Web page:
Updated: Aug 21, 2019
This series is meant to take one of the darkest, rawest, scariest moments of my life and cultivate the lessons. For those of you who have not read the first segment of this series you can find it here. These are the nuggets. The ripples that have helped me and, hopefully, will encourage others. If you choose to read these, please understand I don’t desire anyone to “feel bad” for me. My intention is to use an experience that was given to me to pull all the possible lessons out of it and share those lessons with others <3. The goal: I’m going to write a few of these over the next few months pulling out the nuggets of wisdom from my journey. Even if I can just serve to inspire one person, sharing my story will be worth it.
I chose to not be with my 2-day old baby. I was checked in to the ICU and on a few different monitoring devices. While my breathing was labored, I never really felt the severity of the life or death circumstance I was in. I remember looking into Adam’s eyes that Friday, and I could see it through him, but it still didn’t seem real.
At that point I knew I was going to get to stay in the ICU that night. The team of doctors broke that news to me and let’s just say I was less than enthused. My baby was only 2 days old. I wanted to nurse him so badly. I struggled with milk supply with my first, so I knew that my choices were critical to my nursing success with Jude. I also was informed that you cannot be the sole caregiver for a child and a patient in the ICU at the same time. Go figure. That seems to make sense now, and let me tell you at the time that seemed tragic. Who was better equipped to take care of my baby than me? The answer is not the woman in the hospital bed. Quite a lesson in trust. I didn’t want my baby to leave my side for a minute. Asking me to be without him was like asking me to send my arm home for the night but leave my body at the hospital.
I’m sure you can guess this, but the ICU is not exactly a great place for a newborn to be. There are health risks involved. No matter how clean the hospital staff keep it (and side note the ICU at Northwestern is by far the cleanest hospital I have ever seen), the ICU is meant for sick people, not healthy newborns. I also know that I wanted to nurse for my baby’s health. I get everyone has different opinions on this, and it was something I wanted for my family. I formula fed my first from 7 weeks on, and am truly grateful that there are other ways to get infants all the nutrition they need, and I was bound and determined to do everything I could to nurse baby Jude.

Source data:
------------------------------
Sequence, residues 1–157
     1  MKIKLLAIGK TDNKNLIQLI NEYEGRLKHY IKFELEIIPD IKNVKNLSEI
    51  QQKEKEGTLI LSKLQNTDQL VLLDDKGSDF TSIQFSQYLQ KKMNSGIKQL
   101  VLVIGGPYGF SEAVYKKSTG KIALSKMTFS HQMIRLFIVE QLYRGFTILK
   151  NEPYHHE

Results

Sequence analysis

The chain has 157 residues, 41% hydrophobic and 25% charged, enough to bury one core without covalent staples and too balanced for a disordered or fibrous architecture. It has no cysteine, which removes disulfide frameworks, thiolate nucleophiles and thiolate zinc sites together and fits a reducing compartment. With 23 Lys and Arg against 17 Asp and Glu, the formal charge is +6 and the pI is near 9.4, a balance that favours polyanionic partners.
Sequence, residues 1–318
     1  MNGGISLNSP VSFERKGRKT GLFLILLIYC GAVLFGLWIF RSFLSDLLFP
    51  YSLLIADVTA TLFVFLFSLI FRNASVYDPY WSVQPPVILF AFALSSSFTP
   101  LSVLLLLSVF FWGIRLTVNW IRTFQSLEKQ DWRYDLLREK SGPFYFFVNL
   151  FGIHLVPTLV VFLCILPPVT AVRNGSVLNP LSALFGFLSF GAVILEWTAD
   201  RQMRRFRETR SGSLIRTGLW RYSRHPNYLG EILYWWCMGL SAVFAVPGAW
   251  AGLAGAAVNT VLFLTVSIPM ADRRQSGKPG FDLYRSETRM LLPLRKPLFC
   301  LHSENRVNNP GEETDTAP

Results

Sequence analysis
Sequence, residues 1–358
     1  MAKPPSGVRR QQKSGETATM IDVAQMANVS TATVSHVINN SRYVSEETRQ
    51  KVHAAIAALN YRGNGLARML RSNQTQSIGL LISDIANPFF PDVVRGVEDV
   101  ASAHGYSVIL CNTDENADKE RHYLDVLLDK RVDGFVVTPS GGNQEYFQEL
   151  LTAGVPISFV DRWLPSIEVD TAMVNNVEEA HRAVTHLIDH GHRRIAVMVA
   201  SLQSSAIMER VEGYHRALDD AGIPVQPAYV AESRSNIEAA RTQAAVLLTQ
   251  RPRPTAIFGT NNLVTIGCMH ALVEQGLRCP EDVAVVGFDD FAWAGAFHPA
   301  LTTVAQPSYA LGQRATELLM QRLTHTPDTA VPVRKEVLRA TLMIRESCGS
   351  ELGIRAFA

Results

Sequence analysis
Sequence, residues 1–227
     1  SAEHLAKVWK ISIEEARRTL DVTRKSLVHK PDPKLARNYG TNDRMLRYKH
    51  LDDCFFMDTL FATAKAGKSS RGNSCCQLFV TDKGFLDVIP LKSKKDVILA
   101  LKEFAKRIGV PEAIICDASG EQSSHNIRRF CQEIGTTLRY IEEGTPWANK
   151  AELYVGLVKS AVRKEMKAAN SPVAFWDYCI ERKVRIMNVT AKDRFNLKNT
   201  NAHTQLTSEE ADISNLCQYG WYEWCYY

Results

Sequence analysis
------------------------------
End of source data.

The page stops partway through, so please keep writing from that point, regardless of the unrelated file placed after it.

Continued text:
The Pain: They went home. I stayed behind. I had a choice to make. It feels insignificant looking back on it, and in the moment it felt like the biggest choice I would ever make. I chose to let my two day old baby go home with my husband and my mom overnight while I stayed in the ICU. I get tears in my eyes just thinking about it. Kissing him and watching Adam walk out the door with him. I sobbed. And I believe it was the best choice I could have made for him in that moment. Luckily the nursing staff was INCREDIBLE! They would wake me up every 2 hours to check my vitals and I would pump. I didn’t know if that would be enough to replace having my little one for the 12 hours he was away, and I was committed to doing what I could with what I had.
Life lesson number two, quit awefulizing my situation.
I had created this long story in my head that if the baby had a bottle, he wouldn’t put in the effort to nurse. I had told myself that the pump wouldn’t be enough. I had tortured myself with the idea that I was a bad mom if he wasn’t in my personal care for a night. The truth of the matter was that Adam and my mother took excellent care of him. He avoided germs in the ICU by not sleeping there, and has always been a healthy little peanut. Most of the time, overthinking creates a muddy perspective on what I know is the right thing to do. Allowing myself to trust my intuition, and give myself grace for whatever choice I made is a much healthier perspective for me.
An Opportunity (should you choose in):
What unnerving story is plaguing your thoughts these days? How have you gone against, or ignored, your intuition?